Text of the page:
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SpaceX contains costs with simplified approach

Published by Sigurd De Keyser on Sun Jan 30, 2005 5:29 pm
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floridatoday.com by Todd Halvorson (via hobbyspace): The SpaceX Mission Control Center is an 18-wheeler.
Its Falcon rockets don’t require huge mobile service towers or other complicated launch pad systems that are expensive to build and maintain.

Near launch-ready when they leave their California factory, Falcons roll up to a launch pad on an extended flatbed truck that also serves as a rocket erector with a built-in umbilical tower.
And the company’s launch team is made up of 15 to 20 people, rather than hundreds or thousands of workers.

“My goodness, you can’t sell rockets at low prices if you’ve got a standing army,” said Gwynne Shotwell, the company’s vice president of business development.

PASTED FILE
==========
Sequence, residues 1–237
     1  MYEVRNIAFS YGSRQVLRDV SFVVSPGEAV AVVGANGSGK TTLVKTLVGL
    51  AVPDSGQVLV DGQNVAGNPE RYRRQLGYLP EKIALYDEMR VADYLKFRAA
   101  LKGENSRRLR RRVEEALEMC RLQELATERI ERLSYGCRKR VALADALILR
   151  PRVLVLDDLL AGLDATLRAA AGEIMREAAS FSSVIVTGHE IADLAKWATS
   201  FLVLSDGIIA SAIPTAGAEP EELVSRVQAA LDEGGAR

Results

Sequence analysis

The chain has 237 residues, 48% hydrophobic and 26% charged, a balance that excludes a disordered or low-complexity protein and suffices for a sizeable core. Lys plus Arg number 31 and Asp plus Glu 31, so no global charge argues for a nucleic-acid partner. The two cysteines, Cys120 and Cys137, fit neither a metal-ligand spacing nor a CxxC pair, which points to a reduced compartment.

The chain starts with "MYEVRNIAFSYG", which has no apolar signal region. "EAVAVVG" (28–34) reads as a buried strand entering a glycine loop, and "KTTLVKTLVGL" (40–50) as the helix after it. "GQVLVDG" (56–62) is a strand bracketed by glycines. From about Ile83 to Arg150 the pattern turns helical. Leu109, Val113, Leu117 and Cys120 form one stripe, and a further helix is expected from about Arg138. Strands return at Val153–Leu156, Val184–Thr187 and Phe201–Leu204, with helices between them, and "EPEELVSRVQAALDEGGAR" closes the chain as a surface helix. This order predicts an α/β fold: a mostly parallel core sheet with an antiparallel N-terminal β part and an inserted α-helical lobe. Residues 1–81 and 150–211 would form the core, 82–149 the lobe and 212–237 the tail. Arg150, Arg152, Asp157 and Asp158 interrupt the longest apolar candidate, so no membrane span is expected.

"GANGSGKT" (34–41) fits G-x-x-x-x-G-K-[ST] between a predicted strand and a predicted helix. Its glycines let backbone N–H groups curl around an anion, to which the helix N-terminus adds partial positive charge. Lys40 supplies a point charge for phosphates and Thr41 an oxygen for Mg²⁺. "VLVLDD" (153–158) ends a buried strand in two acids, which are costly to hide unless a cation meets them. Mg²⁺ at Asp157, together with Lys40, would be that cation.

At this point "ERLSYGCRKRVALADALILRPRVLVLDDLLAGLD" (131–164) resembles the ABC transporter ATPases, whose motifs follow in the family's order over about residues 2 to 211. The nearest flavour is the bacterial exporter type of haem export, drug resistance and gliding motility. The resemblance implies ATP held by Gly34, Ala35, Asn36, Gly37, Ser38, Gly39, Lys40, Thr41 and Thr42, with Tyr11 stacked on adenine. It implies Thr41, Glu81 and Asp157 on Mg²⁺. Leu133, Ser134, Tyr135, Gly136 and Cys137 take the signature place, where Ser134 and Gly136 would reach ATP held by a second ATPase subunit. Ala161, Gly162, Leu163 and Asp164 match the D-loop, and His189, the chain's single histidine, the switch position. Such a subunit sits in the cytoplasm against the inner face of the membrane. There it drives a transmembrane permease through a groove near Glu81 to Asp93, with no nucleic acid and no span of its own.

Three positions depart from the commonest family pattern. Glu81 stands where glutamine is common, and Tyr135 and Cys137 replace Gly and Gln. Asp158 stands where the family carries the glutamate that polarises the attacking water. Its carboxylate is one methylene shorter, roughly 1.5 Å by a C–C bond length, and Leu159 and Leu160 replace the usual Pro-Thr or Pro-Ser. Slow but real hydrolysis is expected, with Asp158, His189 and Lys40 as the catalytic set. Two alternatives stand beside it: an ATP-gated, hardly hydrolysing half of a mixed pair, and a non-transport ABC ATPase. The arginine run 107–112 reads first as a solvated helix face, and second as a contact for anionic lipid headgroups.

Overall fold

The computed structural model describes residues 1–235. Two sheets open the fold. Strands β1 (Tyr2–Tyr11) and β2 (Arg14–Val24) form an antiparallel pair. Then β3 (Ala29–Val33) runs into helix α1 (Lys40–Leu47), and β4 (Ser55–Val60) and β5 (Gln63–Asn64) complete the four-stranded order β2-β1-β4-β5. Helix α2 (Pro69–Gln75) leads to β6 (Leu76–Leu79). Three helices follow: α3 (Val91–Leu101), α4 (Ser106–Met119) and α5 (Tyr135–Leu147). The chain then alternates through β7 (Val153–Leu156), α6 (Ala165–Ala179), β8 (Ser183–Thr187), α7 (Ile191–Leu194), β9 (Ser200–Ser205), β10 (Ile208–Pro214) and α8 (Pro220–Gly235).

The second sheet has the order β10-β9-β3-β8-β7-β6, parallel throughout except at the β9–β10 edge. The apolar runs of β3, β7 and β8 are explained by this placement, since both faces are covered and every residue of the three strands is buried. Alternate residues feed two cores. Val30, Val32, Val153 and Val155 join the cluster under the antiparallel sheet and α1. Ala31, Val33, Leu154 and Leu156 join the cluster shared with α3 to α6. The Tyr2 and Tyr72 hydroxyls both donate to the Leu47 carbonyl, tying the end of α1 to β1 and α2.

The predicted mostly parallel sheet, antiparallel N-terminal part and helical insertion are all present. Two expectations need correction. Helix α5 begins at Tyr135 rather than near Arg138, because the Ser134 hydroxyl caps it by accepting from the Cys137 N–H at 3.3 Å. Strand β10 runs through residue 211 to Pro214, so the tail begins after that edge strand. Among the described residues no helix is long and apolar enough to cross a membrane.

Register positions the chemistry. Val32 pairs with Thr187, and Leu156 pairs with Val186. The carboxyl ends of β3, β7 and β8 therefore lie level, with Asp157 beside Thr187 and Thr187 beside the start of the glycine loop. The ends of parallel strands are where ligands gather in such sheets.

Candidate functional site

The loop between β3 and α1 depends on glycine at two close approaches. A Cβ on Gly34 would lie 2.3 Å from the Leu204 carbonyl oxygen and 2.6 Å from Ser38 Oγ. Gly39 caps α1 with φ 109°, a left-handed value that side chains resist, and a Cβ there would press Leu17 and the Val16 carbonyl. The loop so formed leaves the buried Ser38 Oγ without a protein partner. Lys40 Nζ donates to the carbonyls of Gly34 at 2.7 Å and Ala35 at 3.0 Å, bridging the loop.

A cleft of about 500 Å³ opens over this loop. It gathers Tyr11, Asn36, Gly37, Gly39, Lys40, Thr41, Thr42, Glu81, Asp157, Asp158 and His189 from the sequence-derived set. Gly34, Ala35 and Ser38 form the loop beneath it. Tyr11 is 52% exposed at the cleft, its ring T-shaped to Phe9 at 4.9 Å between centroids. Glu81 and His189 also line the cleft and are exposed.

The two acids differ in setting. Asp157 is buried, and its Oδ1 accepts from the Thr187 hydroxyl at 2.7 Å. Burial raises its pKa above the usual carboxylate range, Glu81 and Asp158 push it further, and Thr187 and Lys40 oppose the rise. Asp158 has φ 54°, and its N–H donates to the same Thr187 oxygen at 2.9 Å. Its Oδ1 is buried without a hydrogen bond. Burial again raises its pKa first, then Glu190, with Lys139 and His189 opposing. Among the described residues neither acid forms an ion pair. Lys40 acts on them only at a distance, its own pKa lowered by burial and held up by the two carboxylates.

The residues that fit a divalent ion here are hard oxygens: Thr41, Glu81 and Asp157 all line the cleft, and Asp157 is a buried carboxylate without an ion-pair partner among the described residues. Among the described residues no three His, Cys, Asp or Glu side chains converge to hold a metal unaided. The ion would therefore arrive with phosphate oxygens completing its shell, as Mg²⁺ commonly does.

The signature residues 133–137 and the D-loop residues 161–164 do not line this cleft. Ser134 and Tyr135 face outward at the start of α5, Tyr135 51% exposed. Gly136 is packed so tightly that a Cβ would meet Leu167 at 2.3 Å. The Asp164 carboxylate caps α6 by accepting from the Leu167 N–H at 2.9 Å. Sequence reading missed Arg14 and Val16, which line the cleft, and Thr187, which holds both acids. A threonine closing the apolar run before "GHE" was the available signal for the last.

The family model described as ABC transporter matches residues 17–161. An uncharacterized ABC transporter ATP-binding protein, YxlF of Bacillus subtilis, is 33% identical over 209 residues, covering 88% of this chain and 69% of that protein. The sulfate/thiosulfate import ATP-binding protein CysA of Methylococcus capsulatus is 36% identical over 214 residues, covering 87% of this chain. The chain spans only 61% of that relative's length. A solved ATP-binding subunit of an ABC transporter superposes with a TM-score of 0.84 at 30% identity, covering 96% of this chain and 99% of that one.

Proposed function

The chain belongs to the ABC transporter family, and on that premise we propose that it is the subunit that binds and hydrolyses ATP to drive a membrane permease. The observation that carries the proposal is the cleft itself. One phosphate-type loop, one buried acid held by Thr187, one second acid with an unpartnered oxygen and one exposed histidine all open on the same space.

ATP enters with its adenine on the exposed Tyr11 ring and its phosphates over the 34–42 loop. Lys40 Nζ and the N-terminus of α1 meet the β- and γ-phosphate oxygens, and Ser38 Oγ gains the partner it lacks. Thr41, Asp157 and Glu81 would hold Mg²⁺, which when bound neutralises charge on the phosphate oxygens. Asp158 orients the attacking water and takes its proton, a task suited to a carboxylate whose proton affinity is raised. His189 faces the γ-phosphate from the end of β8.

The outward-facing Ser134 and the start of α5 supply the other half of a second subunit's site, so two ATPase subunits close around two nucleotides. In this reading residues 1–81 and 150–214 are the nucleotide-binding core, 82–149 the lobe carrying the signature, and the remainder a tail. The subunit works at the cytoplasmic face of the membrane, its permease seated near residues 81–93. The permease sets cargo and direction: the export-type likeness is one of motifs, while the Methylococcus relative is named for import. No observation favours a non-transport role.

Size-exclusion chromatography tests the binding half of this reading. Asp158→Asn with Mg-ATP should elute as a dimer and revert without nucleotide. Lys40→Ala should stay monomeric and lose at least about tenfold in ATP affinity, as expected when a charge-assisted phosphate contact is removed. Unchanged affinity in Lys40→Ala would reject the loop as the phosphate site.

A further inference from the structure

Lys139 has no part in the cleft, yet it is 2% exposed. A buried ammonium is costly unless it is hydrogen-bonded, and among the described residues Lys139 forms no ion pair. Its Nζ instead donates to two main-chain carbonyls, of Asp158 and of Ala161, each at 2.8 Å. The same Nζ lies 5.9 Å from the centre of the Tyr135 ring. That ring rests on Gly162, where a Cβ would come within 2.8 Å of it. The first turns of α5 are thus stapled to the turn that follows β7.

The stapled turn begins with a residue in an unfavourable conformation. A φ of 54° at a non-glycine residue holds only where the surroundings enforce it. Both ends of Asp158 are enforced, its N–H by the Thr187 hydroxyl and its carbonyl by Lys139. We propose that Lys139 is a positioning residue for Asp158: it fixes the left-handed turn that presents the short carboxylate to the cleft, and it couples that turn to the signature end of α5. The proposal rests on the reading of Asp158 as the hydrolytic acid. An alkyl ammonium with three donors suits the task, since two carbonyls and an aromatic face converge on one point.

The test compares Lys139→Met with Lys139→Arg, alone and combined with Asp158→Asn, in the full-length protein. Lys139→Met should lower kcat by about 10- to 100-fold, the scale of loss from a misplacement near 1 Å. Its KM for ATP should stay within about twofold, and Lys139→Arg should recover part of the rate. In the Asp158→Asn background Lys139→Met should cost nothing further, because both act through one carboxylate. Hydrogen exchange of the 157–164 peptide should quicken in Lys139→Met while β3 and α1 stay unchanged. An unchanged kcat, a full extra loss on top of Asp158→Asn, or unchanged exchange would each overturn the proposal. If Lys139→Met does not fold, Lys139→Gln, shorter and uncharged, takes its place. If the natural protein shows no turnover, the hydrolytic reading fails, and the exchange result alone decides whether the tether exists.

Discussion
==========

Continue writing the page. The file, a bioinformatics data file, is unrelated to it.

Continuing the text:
The skeleton launch team and the company’s ship-and-shoot concept of operations are two ways SpaceX keeps launch costs low.

Others include:

  • A reusable first stage. The first stage of a Falcon rocket parachutes into the ocean and is recovered for use on subsequent missions.
  • In-house production. SpaceX builds its own engines and other systems, making the company and its customers less vulnerable to price hikes from outside vendors.
  • The company — which plans to launch from Complex 36 at Cape Canaveral Air Force Station by late 2006 — already has four missions booked at Vandenberg Air Force Base in California and the Reagan Test Site on the Marshall Islands.

    Customers include the U.S. Department of Defense and Bigelow Aerospace, a Nevada company developing inflatable modules for commercial space stations.
    The first Falcon launch is scheduled for later this year at Vandenberg.

    Contact Halvorson at 639-0576 or thalvorson@flatoday.net

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